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1990 BOOK PRIZE WINNER: POETRY : On John Caddy's 'The Color of Mesabi Bones'

November 04, 1990|JOSHUA ODELL | Odell, publisher of Joshua Odell Editions at Capra Press, currently is at work with Jack W. C. Hagstrom on the second volume of a bibliography of the poet Thom Gunn. and

\o7 Iron birthed red, torn from the

earth,

and miners and towns took its

colors and ways, reds of dust and

rust,

of fresh blood and dried, of SCAB

slashed in paint across a store, of

Indians

who would not disappear, of the

Klan's fires,

Wobblies, union bombings, socialist

Finns--

the only unred the blacklist.

John Caddy, here in the second stanza of his title poem, "The Color of Mesabi Bones," (Milkweed Editions) gives a rich and grim description of the Mesabi Range of his childhood. The Mesabi Range in northeastern Minnesota is a 100-mile string of mining towns about five miles apart from one another. The common link between these towns, which led to their development, was iron-ore mining. The color of bones found in the Mesabi Range is the color of leaching iron ore. Red.

Sitting over coffee in a restaurant beneath his publisher's offices in Minneapolis, John Caddy explains, "What is perhaps confusing is that the Mesabi Range sits next to a mountain Range--one of the oldest ranges in the east, some three billion years old. The mountain range is called the Giant's Range. Mesabi means 'sleeping giant,' and the name comes from the Ojibwa Indian tribe, natives of the region."

There are no mountains along the Mesabi Range, only mining towns. It was in Hibbing where John Caddy was born. (The Zimmermans had a hardware store in Hibbing. Their son, Bob, who grew up with John Caddy, later changed his name to Bob Dylan.)

Caddy is a third-generation native of the Mesabi Range, a descendant of hard-rock miners from Cornwall. His father was a mining engineer. Caddy's collection of poems is written from the experience of growing up in a tough family in, at times, a very tough community, and in a harsh region. There is a bittersweet appreciation for the place and the people of his youth that emerges from his work.

There are poems and prose sketches about family: Grandma, Grandpa, a harsh father looked upon in terror as "the Giant" who beats his bewildered son. The boy perseveres. Perseverance comes naturally.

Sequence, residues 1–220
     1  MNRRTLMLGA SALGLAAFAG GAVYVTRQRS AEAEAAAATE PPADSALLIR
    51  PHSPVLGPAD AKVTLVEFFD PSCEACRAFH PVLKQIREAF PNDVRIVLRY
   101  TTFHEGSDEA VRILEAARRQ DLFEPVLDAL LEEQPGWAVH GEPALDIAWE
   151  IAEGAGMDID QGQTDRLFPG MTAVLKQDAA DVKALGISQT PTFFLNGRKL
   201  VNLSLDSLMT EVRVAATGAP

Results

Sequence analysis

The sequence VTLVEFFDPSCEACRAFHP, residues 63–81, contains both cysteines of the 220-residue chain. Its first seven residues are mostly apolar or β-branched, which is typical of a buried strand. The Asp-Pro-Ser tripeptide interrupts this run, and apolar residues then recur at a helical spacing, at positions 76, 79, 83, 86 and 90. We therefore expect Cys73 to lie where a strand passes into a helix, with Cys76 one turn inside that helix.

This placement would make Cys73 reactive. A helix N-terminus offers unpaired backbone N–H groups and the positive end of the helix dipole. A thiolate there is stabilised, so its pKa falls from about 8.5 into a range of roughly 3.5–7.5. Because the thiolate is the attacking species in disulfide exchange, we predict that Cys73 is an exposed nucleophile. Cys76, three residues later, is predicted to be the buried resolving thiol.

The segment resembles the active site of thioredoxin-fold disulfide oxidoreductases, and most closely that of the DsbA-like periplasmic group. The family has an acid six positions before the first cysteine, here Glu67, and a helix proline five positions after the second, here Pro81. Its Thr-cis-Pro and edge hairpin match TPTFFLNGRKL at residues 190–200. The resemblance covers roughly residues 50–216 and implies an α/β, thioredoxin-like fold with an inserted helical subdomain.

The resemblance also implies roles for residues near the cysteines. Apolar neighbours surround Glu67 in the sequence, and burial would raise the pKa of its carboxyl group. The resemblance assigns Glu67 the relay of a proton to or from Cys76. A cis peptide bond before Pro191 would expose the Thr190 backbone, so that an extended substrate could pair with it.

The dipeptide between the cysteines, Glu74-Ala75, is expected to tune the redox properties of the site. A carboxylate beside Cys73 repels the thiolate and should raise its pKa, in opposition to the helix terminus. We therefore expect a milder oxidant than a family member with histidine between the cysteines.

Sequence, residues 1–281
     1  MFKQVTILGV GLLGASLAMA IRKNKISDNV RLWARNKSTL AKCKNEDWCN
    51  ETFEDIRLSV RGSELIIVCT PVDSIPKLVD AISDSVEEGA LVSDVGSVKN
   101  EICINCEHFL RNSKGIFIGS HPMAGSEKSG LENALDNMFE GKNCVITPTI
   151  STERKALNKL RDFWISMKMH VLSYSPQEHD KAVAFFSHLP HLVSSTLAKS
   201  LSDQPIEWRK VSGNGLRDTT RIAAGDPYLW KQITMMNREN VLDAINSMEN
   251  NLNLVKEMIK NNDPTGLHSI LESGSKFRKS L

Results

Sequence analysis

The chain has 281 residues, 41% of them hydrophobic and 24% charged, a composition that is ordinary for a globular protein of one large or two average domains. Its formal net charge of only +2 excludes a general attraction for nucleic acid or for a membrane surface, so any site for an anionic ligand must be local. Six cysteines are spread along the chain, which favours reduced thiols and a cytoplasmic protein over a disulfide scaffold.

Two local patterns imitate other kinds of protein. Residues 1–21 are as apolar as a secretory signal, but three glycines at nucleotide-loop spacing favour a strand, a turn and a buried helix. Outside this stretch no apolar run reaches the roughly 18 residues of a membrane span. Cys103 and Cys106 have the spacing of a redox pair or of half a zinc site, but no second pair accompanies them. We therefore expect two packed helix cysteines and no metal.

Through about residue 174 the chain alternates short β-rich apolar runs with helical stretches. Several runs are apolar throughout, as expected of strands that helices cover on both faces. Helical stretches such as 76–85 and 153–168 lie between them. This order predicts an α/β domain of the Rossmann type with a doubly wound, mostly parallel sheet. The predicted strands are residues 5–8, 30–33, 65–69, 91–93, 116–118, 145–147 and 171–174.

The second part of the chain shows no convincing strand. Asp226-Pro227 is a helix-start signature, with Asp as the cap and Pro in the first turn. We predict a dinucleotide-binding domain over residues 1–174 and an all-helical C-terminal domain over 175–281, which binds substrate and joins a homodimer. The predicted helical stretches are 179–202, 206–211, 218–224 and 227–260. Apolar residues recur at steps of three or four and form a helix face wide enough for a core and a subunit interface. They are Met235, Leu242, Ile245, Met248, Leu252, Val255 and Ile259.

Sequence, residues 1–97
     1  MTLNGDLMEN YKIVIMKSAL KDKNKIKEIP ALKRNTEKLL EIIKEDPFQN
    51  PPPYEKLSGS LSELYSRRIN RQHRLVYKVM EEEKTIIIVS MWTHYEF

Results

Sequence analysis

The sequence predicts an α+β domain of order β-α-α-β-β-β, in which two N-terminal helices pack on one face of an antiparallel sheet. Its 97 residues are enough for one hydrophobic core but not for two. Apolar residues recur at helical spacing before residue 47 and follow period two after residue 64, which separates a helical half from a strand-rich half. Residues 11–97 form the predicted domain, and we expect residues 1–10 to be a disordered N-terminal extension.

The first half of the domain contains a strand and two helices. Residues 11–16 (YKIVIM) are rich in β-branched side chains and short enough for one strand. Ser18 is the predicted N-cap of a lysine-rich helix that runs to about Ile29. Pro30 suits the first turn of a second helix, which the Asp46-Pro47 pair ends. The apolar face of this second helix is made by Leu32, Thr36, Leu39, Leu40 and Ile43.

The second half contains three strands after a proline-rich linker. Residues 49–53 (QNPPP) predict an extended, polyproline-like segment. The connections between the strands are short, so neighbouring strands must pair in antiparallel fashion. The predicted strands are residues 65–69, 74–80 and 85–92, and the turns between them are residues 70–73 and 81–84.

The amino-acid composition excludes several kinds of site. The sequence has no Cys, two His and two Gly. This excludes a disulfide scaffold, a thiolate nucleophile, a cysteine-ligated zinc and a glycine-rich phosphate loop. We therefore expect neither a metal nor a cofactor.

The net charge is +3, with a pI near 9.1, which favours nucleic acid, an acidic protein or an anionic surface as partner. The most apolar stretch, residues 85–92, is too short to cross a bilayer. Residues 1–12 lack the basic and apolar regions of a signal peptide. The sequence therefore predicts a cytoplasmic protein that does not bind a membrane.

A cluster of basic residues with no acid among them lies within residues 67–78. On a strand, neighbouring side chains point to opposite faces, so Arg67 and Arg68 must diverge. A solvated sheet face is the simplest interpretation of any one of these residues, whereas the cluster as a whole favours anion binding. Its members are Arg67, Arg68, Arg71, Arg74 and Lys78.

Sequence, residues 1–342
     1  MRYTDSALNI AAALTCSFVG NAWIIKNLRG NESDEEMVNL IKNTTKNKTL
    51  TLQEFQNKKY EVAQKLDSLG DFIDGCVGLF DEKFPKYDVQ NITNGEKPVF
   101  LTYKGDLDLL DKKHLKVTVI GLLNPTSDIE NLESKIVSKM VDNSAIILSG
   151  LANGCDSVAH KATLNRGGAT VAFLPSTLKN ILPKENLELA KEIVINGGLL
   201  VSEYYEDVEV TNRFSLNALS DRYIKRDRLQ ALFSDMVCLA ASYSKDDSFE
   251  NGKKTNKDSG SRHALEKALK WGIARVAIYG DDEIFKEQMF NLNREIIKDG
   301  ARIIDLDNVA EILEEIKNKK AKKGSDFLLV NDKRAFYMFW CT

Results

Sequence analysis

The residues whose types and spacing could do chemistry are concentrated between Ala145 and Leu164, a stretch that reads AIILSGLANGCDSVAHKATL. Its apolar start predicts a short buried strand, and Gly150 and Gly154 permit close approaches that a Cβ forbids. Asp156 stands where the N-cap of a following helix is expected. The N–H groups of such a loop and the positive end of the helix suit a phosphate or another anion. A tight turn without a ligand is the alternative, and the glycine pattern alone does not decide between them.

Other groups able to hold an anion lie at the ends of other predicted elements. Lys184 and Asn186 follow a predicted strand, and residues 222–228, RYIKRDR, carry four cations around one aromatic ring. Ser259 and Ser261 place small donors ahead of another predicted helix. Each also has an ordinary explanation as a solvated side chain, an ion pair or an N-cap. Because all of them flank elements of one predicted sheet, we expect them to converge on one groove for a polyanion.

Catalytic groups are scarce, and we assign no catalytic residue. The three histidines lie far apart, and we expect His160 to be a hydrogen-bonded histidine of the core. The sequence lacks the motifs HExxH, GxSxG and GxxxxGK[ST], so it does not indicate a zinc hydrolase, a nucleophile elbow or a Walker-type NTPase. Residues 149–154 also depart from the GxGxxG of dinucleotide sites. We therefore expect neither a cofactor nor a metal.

Caddy's poems revolve about his community in the Mesabi. "Mining towns have always been either famine or . . . boom. Nothing in between. And when there's a boom there's often a strike, which means famine again. Economic fortunes are constantly ebbing," says Caddy reflectively.

A sense of history is gleaned through reading the collection. Wobblies were members of the IWW (Industrial Workers of the World), a socialist movement strong in the mining communities and the lumbering communities that felled the forests before the miners stripped the land. (The derivation of the term Wobblie given to me by a bartender in Minnesota is that the Chinese who worked in lumbering and mining mumbled and mispronounced "workers of the world," transforming it into Wobblie .)

The Ku Klux Klan was active in Minnesota during Caddy's youth. In his poem "Mine Town: Trick or Treat," Caddy writes of a young boy who secretly explores the forbidden drawers of his grandmother's dresser and discovers the white robes and hood of the Klan. The child ponders their purpose: "Sorcerer's robes, costumes for grownups, magic--imagines them at the Halloween party. Exciting new pictures of Grandpa and Gram." When caught, he is admonished. The experience signifies nothing to the child, but recalled years later, it brings the stunning revelation of what the garments were.

One of the most touching pieces in the book, "The Travel Collection," tells the story of a young boy who secretly collects free pamphlets through the mail from tourism offices. In his room, he pores over the brochures, dreaming of these places: "New Mexico, Land of Enchantment. Kachinas. Pueblos. Color. Space. Florida orange groves. Magic Tourist countries: Cuba, Jamaica, Trinidad. The Caribbean. Lesser Antilles. Windwards. White sands, ocean blues, pale to azure to green."

One day, while collecting on his paper route, the boy confesses to a woman that he has a hobby, a travel collection. She calls her aged husband to the door, exclaiming "the paperboy collects the same thing you do!" A toothless man in long johns and overalls, who must have lived his entire life in his house next to the mining foundry and pit, insists on showing the boy his collection. "He reads the headlines to the boy, sounding out the hard words: Barbados. Montana. Antigua. Tehuantepec. Kachinas. Land of Enchantment."

"Children fascinate me," muses Caddy. "Their job is to survive, that's their only job. What they don't need to become self-aware about, they don't. You see in 'Mining Town: Trick of Treat!' it all means nothing to the child at the time. Then years later, bang! In the piece 'The Travel Collection,' the boy--who in this case is me in my youth--doesn't make anything of this old man. But look at the two."

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